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Upstream Biosciences Acquires Innovative Platform Technology and Drug Candidates for Tropical Parasitic Diseases

-Acquisition of Pacific Pharma Technologies Brings Proprietary Artificial Intelligence-Based Drug Discovery Platform and Novel Drug Candidates to


-Initial Compounds Demonstrate Promising In Vitro Activity Against Devastating Parasitic Diseases Affecting 300 Million People Worldwide-

VANCOUVER, B.C., Aug. 27 /PRNewswire-FirstCall/ -- Upstream Biosciences Inc. (OTC Bulletin Board: UPBS) today announced it has completed the acquisition of Pacific Pharma Technologies Inc., an early stage biopharmaceutical company with a proprietary technology platform that combines artificial intelligence, advanced computational methods and chemical diversity techniques to discover new drugs. This technology has already generated novel compounds that in laboratory studies demonstrate both human and veterinary potential against major tropical parasitic diseases.

"This acquisition significantly broadens our strategic focus and provides Upstream with important new capabilities," said Joel L. Bellenson, Chief Executive Officer of Upstream. "We believe the innovative technology platform pioneered by Pacific Pharma may have substantial commercial potential in a number of therapeutic areas and it fits well with our existing core competencies in computational-based approaches to biomarker identification. Pacific Pharma has also generated novel compounds that have exhibited activity against targets relevant to cancer, the focus of our biomarker programs."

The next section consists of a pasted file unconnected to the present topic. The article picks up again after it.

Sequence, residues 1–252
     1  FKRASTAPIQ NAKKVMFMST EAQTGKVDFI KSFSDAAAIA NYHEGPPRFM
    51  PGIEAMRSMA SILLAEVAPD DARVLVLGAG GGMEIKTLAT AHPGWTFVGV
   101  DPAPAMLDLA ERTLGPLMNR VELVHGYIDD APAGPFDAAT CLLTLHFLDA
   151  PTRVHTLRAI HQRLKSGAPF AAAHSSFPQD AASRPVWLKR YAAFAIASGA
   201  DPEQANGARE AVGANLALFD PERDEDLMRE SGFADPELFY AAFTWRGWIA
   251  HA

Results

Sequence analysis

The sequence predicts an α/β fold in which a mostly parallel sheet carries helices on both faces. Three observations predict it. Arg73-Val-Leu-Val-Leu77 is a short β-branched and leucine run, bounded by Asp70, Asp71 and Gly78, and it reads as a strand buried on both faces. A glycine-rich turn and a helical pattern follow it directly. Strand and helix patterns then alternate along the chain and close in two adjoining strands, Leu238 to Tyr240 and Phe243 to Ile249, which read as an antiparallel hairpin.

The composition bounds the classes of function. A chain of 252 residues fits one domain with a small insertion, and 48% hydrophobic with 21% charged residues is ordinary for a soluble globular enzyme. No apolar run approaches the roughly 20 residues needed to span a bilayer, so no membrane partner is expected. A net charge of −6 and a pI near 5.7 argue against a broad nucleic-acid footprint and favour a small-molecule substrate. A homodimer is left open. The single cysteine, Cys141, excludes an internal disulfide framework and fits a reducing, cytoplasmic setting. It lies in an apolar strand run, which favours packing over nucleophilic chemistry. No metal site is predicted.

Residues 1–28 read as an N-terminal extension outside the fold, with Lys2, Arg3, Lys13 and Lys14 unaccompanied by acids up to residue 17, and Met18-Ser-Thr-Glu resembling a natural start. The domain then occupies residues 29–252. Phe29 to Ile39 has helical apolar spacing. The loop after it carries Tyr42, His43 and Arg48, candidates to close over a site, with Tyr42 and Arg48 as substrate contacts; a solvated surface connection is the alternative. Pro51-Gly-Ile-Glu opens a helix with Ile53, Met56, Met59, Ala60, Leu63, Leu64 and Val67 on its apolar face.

In screening studies in vitro, Pacific Pharma's lead compounds have demonstrated encouraging signs of efficacy against leishmaniasis and African sleeping sickness (trypanosomiasis). These parasites, which belong to a family of protozoa species that include Chagas disease and malaria, infect millions of individuals in Africa, South Asia and South America. Current treatments are often toxic, ineffective, inconvenient and expensive. In addition, recent reports document the spread of leishmaniasis to U.S. troops and contractors in Iraq and Afghanistan. Upstream also intends to begin screening compounds against malaria shortly and to test compounds from related classes as potential therapies for tuberculosis. The millions of individuals affected by these two diseases are increasingly infected with multiple drug resistant strains, highlighting the need for new therapies.

Mr. Bellenson continued, "These parasitic diseases take an enormous personal, social and economic toll on communities in the developing world, affecting millions of individuals and also decimating the cattle herds that are an integral part of rural economies. We believe the growing interest in addressing global health issues makes this an ideal time to pursue new drugs for these devastating conditions, and we intend to work collaboratively with a variety of public and private organizations to ensure the timely and cost effective clinical development of drug candidates generated by our new technology platform. We also expect to pursue other therapeutic applications of this potentially powerful drug discovery technology going forward."

Pacific Pharma's proprietary technology platform takes existing compounds that have demonstrated efficacy against the target disease and uses artificial intelligence, computer simulation and pattern recognition techniques to identify key structural elements associated with their efficacy. Screening analyses and diversity generation chemistry are then applied to produce an array of potential drug candidates. The technology can also be used to identify novel applications for existing drugs. It was developed by Artem Cherkasov, Ph.D., a faculty member in the Department of Infectious Diseases in the Faculty of Medicine at the University of British Columbia. At the annual meeting of the American Chemical Society in Boston last week, Dr. Cherkasov gave a scientific presentation describing how this technology may be effective for the rapid identification of drugs that can be used to fight antibiotic- resistant "super-bug" pathogens or emerging new infectious agents.